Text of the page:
These screws are so small that Populife includes a minuscule screwdriver with which to attach them. This process requires the delicacy of a surgeon and the patience of a saint, and if you drop one of these screws you can be sure it will be gone forever. After that, you’ll probably need to snap off the end of the tailpiece, much like the U-tec Ultraloq requires (a requirement U-tec has since eliminated), because it comes ready for the thickest possible door. The good news: Populife’s tailpiece can be shortened with two pairs of pliers rather than requiring a hacksaw.
Wrestling the various components together isn’t easy, and the hardware ultimately requires significant patience to get everything seated properly. As with many smart locks, the screws holding the two escutcheons together can’t be overtightened, or the lock won’t be able to turn. Getting it all just so takes some trial and error, particularly maneuvering the wiring into the right place, but after nearly an hour of finagling it, I finally had the lock seated properly on the door.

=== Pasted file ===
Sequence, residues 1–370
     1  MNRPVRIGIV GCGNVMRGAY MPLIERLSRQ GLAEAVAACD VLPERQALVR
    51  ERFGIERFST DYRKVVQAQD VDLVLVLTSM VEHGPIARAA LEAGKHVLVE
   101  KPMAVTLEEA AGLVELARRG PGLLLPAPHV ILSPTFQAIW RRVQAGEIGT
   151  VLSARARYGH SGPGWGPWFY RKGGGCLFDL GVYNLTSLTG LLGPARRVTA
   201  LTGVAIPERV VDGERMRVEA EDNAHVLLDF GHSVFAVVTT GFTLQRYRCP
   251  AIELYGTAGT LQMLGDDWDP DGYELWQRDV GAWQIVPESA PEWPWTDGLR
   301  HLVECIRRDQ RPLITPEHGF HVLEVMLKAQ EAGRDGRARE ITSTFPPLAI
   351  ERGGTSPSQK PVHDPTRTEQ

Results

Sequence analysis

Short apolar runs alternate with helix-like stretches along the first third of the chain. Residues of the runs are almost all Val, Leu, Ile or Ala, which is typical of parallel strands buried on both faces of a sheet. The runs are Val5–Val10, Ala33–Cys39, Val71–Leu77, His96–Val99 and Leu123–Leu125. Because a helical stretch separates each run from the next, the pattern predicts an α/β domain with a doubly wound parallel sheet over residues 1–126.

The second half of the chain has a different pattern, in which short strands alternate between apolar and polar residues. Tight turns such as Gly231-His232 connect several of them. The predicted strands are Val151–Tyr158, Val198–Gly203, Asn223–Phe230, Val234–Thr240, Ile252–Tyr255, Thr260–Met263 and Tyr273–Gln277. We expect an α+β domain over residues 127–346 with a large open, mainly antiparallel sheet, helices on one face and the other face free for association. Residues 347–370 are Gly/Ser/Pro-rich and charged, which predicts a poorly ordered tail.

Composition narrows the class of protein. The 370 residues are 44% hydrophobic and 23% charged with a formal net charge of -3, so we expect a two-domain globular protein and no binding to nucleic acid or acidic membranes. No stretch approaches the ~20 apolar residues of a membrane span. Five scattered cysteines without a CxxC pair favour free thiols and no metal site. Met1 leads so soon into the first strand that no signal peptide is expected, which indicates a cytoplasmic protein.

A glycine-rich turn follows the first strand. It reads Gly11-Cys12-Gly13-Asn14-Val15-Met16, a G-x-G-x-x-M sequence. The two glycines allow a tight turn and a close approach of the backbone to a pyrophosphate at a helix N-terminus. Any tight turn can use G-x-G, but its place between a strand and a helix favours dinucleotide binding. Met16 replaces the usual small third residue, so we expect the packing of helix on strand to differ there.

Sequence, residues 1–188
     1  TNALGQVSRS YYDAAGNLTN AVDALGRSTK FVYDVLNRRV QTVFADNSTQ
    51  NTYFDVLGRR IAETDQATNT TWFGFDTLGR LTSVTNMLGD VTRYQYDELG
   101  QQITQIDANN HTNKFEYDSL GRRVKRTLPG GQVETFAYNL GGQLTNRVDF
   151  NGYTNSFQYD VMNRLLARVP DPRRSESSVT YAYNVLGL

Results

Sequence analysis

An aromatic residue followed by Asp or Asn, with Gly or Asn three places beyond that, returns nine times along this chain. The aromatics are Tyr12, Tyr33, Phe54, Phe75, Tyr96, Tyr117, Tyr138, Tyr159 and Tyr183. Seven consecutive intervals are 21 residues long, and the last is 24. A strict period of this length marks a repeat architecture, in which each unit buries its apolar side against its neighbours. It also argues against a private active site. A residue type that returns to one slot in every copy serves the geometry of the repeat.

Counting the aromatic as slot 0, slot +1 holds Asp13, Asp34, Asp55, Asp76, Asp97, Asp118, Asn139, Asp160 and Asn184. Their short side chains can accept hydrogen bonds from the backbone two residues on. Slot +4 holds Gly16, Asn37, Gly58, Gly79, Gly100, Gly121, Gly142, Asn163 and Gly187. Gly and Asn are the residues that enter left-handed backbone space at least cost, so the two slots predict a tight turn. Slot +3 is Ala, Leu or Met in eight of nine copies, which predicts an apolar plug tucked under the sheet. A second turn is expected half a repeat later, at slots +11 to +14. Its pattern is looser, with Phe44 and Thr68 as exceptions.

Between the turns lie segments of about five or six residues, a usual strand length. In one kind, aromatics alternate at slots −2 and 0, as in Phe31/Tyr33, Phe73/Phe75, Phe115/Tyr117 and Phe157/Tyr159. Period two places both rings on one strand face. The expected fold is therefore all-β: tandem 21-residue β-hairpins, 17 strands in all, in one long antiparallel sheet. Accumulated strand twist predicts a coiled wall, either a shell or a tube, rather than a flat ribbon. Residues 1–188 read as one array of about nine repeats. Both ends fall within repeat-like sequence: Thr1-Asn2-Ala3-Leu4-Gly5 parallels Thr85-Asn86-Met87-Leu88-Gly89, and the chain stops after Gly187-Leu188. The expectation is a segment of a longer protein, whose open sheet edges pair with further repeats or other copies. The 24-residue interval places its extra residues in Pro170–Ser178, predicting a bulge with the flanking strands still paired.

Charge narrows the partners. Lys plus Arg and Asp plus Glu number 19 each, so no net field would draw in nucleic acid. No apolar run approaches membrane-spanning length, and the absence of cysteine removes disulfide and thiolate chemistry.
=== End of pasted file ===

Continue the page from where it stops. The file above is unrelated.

And it didn’t work. I first downloaded the Populife app and paired the lock with my phone via Bluetooth, which was successful. But when I tried to use the app to operate the lock, nothing happened. Whether tapping in the preassigned seven-digit PIN or using the app to unlock the door, nothing would disengage the lock. The Populife would simply beep and do nothing.
Populife’s tech support was well-meaning but unable to help, suggesting that I disassemble and reassemble the lock, and requesting videos of me using the keypad to ensure I was pressing the right buttons. (I was.) After nearly a week of back and forth—all via the agonizingly slow process of emailing with someone in China at a clip of one message per day—tech support simply stopped responding. I finally requested a replacement unit from Populife’s marketing team and when it arrived, I had to go through the whole setup process once again.